This type of backhanded acclaim pervaded the attention accorded to early women drivers. As Kokomo, Indiana, residents celebrated their centennial in 1965, they revived the claim that Mary Landon was the first woman driver. A newspaper article celebrating her history and participation in the festivities, however, still concluded that the explanation for her revolutionary turn behind the wheel stemmed from the fact that she was "tricked into it" by Haynes. Even as the local media granted Landon recognition and thought her story newsworthy, they simultaneously characterized her as "duped into driving."
As with Landon, it was only on the fifty-year anniversary of Alice Ramsey's pioneering 1909 cross-country adventure that people began to credit her, as well. The trip from New York to San Francisco had also been a promotional affair for the Maxwell-Briscoe car company. Traveling with three female companions, a young friend and her husband's two sisters, Ramsey drove nearly 4,000 miles, heralding the ease with which even a woman could handle the car and its reliability over thousands of miles and difficult terrain. The 1909 journey of "Mrs. John R. Ramsey," a married, wealthy woman, generated only a handful of small notices appearing in local papers en route and a few longer pieces celebrating the launch and Ramsey's triumphant arrival on the West Coast. Ramsey's more extensive media coverage began in the late twentieth century when the visually driven media relished the wonderful pictures of Ramsey in her duster, accompanied by brief stories that heralded a pioneer whose husband did not like to drive and acknowledged that she had left behind her year-old son to undertake the trip. Accounts of the trip still maintained a fiction about her single-handed ability to manage repairs and navigation, relying principally on her own 1961 account of her trip, written more than fifty years after the fact.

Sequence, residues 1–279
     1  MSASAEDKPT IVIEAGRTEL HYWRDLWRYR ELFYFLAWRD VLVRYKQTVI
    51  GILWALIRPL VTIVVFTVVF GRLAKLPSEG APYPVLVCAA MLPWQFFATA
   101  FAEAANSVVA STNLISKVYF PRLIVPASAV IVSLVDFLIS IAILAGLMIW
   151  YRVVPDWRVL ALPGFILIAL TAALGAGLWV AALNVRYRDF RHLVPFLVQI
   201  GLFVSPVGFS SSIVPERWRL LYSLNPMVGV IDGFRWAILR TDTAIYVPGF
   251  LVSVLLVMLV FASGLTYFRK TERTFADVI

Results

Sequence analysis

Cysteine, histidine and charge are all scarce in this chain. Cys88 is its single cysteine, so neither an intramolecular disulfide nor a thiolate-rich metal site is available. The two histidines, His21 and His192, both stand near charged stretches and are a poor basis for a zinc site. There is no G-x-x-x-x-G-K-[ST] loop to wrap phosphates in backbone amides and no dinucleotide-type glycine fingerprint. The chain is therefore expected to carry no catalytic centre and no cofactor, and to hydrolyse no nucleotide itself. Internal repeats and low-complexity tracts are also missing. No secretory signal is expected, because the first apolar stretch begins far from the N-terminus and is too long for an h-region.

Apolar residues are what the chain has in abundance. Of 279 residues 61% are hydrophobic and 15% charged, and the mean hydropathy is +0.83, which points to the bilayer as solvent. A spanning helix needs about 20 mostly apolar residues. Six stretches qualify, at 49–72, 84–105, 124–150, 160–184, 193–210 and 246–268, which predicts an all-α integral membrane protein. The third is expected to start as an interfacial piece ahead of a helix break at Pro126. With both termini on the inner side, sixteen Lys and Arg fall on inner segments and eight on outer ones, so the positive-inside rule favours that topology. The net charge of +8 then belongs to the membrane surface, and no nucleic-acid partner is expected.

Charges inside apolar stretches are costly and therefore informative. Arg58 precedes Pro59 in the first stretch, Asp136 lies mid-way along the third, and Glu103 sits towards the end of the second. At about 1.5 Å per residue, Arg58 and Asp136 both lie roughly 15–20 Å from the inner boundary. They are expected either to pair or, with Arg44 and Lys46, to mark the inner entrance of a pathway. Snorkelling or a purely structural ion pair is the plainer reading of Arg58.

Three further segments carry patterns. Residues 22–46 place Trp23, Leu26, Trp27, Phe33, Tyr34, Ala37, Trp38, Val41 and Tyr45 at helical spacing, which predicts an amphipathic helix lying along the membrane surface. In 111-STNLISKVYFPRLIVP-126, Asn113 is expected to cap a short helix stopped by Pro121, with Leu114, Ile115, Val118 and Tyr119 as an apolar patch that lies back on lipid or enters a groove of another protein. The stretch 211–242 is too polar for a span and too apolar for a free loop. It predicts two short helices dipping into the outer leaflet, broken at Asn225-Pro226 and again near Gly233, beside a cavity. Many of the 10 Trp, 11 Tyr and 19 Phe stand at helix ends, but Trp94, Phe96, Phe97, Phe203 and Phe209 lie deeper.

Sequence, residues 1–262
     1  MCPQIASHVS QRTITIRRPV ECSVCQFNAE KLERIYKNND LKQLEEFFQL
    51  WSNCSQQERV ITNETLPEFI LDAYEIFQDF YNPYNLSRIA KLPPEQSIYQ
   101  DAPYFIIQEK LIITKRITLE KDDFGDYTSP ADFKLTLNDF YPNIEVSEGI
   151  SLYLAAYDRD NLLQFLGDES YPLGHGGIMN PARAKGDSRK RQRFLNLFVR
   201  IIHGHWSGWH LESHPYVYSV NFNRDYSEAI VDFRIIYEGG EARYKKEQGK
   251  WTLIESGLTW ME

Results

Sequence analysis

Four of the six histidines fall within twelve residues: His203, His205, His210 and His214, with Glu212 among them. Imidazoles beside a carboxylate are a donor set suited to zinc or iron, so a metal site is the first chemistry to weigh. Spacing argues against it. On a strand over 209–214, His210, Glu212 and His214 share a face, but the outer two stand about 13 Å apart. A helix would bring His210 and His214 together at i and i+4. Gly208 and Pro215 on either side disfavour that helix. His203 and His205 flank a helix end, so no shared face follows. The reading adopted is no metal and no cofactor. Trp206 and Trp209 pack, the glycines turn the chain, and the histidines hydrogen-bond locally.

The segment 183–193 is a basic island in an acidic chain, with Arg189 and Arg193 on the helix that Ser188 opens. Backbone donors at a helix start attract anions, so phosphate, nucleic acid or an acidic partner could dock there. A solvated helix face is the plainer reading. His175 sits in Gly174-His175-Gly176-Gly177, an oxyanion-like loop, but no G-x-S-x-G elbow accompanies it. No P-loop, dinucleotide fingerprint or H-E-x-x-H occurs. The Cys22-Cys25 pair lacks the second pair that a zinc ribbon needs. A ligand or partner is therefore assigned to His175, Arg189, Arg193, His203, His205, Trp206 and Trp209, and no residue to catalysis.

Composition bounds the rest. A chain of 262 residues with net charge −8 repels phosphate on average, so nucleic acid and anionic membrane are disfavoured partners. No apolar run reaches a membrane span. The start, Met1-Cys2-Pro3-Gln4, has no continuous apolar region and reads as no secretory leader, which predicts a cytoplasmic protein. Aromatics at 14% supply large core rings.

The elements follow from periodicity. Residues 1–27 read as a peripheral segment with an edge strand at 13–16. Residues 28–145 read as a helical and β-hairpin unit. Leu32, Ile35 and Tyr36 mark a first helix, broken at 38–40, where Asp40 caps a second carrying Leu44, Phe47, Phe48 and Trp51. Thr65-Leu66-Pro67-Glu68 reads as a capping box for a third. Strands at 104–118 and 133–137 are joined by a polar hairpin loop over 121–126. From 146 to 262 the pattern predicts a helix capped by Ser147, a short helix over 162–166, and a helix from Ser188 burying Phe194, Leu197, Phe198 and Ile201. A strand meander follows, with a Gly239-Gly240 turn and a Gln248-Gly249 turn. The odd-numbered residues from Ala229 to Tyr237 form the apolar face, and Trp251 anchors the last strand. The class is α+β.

Newspaper and magazine articles, and even obituaries in the 1960s and 1970s, touted the accomplishments of early female drivers, perhaps inspired by the feminist movement that was asking of history, "What was her story?" In addition to highlighting national figures, local papers began to feature the first women to drive, maybe not in the country or across the country, but certainly in their town or city. The 1961 obituary of Frances Senteney Carey, for example, proclaimed that she "was the first woman to drive an automobile in Hutchinson, Kansas." These later twentieth-century accounts uncovered women's early embrace of the automobile and positioned them as progressive and accomplished. Second-wave celebrants touted women's heroism in asserting their equality in this new arena.
Most women, however, did not find dignity and independence in driving. Any attempts to develop their automotive acumen and disrupt the prejudice against them challenged cultural definitions of women's gender and sexual identity. The evidence suggests that the only kind of woman believed to be good at driving or repairing a car would be one without a man. The phenomenon of women taking the wheel could have been empowering, as many proved their mettle as drivers and mechanics, but in spite of occasional celebratory reflections, the broadest, most frequent response to women driving has been mockery and dismissal. For most women, characterized as terrible drivers, harping passengers, and naïve mechanics, the car represented not freedom and power but only the likelihood of ridicule. The emergence of the car, therefore, led to an expectation across the century that women would buy cars, drive them, and fix them, but not be good at any of it. Even as the car became an increasingly important part of American life, women found themselves isolated on the fringes of this national obsession.